Protecting Car Seats From Toddlers During Potty Training

Potty training can be challenging for kids and parents alike. Certain situations are even harder when it comes to potty training -- for instance, overnights and on car trips where you don't always have quick and easy access to a bathroom. If your child has an accident while in the car, it can be a hassle to take her car seat apart to clean it, so prevention of problems in the first place makes sense.

Training Pants

One simple way to protect your toddler's car seat while potty training is to put him in training pants when going on car rides that are either long or to out-of-the-way places without convenient rest stops. You can either use reusable fabric or rubber training pants for this purpose, or use disposable training pants that are similar to diapers except they pull up instead of fastening with sticky tabs. This makes them more like underwear and can ease the transition to potty training for some children, while at the same time protecting the fabric of car seats from accidents.

Dry Seats reminds parents of another option for protecting car seats -- dry seats. These are available from many baby and children's stores, as well as online, and are specially made to fit a child's car seat or stroller. It's a fabric, removable insert that gets fit over the bottom and a bit of the sides of the car seat. if your child leaks urine or feces, the dry seat is much easier to remove and wash than taking the whole car seat out and trying to clean it. Always check with the car seat manufacturer before using an aftermarket product like dry seats to ensure their safety with your particular car seat.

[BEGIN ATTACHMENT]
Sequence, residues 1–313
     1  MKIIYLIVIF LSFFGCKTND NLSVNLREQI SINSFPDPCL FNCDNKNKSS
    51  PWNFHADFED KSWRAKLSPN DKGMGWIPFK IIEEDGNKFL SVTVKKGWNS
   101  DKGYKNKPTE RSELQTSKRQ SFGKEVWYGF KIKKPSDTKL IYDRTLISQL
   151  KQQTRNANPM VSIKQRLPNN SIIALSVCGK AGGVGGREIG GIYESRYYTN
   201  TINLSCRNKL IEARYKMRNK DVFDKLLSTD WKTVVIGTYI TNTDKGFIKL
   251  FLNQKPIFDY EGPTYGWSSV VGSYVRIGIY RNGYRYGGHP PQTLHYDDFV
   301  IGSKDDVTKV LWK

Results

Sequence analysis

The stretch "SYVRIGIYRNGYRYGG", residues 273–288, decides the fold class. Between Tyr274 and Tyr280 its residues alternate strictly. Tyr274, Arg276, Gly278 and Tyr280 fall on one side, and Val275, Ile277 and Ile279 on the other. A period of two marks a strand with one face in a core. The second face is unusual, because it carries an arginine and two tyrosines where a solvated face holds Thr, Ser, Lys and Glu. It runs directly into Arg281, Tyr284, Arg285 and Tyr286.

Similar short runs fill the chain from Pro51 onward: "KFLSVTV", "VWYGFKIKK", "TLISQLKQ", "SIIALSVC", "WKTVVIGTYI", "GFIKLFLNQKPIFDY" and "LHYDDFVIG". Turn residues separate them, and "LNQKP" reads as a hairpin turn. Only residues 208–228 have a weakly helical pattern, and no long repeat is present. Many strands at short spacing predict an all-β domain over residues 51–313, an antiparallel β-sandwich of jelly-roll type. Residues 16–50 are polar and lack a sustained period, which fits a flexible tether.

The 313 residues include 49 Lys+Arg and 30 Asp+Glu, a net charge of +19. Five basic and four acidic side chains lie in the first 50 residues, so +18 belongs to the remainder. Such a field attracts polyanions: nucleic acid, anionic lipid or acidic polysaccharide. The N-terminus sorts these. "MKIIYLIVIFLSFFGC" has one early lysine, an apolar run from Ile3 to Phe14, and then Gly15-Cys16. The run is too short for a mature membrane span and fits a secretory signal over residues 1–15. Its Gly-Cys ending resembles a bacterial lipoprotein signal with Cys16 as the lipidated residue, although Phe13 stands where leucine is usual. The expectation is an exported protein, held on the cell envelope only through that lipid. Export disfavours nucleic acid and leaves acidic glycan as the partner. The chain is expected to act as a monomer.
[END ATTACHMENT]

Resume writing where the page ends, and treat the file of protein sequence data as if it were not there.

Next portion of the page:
Making Your Own Covers

Another option parents have for protecting car seats is to fashion their own car seat covers. If desired, you can use a disposable mattress pad, which is made of the same material as disposable diapers and is usually used to protect a toddler's bed at night. Simply cut a mattress pad to the size of your child's car seat, making sure it doesn't interfere with the way the seat belt buckles, and place it underneath your toddler before a long car trip.

Tips for Traveling With a Potty Training Toddler

Child development experts at the Kids Health website suggest that parents consider keeping an extra portable toddler potty in the car when traveling 1. This way if you have to pull over on the side of a deserted road when nature calls, it will be more comfortable for your child, hopefully preventing accidents that occur from trying to "hold it." You should also always have extra clothes for your toddler with you, and if you're using a dry seat, an extra one of those in the trunk can also be a huge help in case a problem does occur while away from home.